Little more than a year after the German invasion, on 14 August 1942, Pravda printed a typical article, "Death to the Baby-Killers," and the next day the article reappeared in many local newspapers throughout the Soviet Union. The history of war, the article began, had never known such cruel acts as those being perpetrated by Hitler's fascist scoundrels and two-legged beasts. Everywhere in the lands they occupied, vile oppressors raped women, tormented old men, tortured paws, and abused innocent children. Read these lines, comrades, the story went on; read this letter to a Red Army soldier from his sisters in the Smolensk region.

Vera and Zina wrote to their brother, Kolya, that it was hard to describe what they were enduring. Hitler's butchers had seized Valya Ivanova, secretary of the local soviet, wanting her to reveal the names of local partisans. They tied her hands, brought in her children, and cut off their right ears. Then they pitted out the right eye of her son and chopped off five fingers of her daughter's hand. Watching the torture of her children, Valya died of a heart attack. The Nazi cannibals then marched to the neighboring village, seized more children and the elderly, forced them into a shed, and set it ablaze.

The article ended with a long exhortation. We must endure; we must fight on; we must exterminate the German fascists. Kill the Germans; kill the child-devouring beasts. Either we defeat the German hordes, or they annihilate us and our children. Soviet soldiers, not a step backward! Save us, warriors of the Red Army, defenders of the Don and Kuban rivers. Save us! The blood of our children demands revenge; death to the baby-killers!42

Suffering. Grief. Death. They were everywhere. On the battlefields and in German concentration camps, the Nazis killed nine million Soviet soldiers. Beyond the battlefields, the Nazis murdered, crushed, tormented, and enslaved. For them, as one of their own generals unabashedly stated, it "was an ideological war of extermination. "43

In the Soviet lands they occupied, the Germans destroyed more than 1,700 towns and 70,000 villages, leaving more than 25 million people homeless. In these occupied areas, they murdered 7 million civilians and allowed 4 million additional people to die of hunger, disease, and indifference. The Germans captured and deported as slave labor another 5 million adults.

Overall, wartime deaths on the Soviet side amounted to 9 million soldiers and 26-27 million human beings in toto (these included several million killed on Stalin's orders). But such cold figures hardly begin to describe the personal tragedy that afflicted and beleaguered almost every human being in the Soviet Union. Even with the new documents, diaries, memoirs, and oral accounts, we can still scarcely imagine the sorrow and challenges of those years. "Virtually every individual had been involved in the war effort and was traumatized by the war experience. "44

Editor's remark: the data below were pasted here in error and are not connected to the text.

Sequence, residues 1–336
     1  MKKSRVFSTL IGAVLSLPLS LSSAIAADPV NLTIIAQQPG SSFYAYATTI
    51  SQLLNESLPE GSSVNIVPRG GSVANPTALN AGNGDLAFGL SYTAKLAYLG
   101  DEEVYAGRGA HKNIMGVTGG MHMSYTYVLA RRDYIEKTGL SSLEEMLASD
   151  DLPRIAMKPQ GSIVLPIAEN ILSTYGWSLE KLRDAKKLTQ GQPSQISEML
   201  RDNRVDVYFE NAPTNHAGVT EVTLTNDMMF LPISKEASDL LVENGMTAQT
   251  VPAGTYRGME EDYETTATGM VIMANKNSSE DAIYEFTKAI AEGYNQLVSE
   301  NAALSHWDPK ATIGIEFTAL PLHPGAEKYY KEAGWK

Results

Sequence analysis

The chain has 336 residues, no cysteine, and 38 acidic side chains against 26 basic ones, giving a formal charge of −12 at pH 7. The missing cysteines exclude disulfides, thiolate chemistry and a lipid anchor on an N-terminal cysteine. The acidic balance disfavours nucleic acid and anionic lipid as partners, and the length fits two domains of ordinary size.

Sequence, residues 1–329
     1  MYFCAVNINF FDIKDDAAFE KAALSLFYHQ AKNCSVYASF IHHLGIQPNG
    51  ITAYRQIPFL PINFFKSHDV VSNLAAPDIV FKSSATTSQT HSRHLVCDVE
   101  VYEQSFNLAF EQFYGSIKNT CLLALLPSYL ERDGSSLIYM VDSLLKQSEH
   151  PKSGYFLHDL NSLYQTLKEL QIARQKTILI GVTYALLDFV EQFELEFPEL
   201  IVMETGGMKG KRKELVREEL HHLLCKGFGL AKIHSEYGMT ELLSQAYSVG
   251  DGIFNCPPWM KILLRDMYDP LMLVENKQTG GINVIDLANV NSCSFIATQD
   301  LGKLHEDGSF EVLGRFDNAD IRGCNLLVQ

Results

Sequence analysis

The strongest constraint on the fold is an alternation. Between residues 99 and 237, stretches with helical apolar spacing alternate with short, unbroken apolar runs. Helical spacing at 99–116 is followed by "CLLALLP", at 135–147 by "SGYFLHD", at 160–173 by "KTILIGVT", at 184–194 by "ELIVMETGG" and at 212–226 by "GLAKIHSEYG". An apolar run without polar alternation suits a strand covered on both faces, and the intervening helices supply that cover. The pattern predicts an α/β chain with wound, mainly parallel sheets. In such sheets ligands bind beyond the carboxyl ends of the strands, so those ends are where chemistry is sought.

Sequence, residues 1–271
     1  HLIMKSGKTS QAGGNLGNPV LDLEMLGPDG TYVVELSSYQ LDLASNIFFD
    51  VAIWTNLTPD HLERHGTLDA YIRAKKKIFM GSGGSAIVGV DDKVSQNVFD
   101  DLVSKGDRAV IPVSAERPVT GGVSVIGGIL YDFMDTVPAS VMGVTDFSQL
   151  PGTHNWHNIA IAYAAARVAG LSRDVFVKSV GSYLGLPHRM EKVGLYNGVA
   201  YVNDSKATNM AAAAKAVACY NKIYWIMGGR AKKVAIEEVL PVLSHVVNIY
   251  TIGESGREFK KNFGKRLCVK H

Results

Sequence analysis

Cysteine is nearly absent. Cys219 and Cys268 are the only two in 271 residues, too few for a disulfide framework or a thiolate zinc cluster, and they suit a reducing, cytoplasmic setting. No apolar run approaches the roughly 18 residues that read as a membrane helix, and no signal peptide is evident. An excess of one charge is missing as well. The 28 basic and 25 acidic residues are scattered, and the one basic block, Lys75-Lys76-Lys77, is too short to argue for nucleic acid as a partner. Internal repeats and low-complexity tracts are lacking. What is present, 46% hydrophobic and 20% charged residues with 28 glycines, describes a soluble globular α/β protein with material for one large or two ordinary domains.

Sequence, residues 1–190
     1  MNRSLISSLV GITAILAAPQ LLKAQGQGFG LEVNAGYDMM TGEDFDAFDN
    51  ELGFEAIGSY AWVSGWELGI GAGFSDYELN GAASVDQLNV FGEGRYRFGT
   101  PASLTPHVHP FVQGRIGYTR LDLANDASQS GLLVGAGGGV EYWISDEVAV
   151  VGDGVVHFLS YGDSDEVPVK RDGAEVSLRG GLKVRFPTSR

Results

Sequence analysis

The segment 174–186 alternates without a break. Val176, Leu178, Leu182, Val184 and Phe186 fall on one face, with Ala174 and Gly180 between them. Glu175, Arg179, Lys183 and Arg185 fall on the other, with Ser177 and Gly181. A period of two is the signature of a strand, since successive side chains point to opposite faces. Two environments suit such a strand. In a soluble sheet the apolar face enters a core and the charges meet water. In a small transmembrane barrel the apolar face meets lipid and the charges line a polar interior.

But along with the grief came a burning desire for revenge, icious revenge. "If you haven't killed a German in the course of a day, your day has been wasted," wrote llya Ehrenburg, one of the most famous Soviet wartime correspondents and postwar writers. "If you have killed one German, kill another: nothing gives us so much joy as German corpses. Your mother says to you: kill the German! Your children beg of you: kill the German! Your country groans and whispers: kill the German! Don't miss him! Don't let him escape! Kill!"45

Mass murder was nothing new to Stalin. But now his socialist experiment was imperiled, his personal power threatened, his country's very existence at risk. He had misjudged his enemy_ He fas humiliated and infuriated. Hearing reports of the relentless advance of Hitler's armies during the first days of the attack, he muttered, "Lenin founded our state, and we've fucked it up. "46 During those terrible days in late June 1941, Stalin labored to organize the battlefront and sustain the homefront, but the news was devastating.46 Hundreds of Soviet divisions were annihilated. Nazi troops headed toward Leningrad, Moscow, Kiev, and Odessa. Their method of waging war immediately became clear; prisoners of war, Jews, and civilian members of the Communist Party were slaughtered.

On 27 June, "Stalin abruptly stopped ruling." Sulking, he retreated alone to his dacha at Kuntsevo. When members of the Politburo came to the dacha on 30 June, Stalin appeared thin, haggard, and indecisive. Half expecting they were coming to arrest him, he queried, "Why have you come?" In fact, they had come to urge him to take command of the armed forces and to rally the people. They knew nobody but Stalin had the capacity to salvage the socialist experiment, now on the verge of extinction.48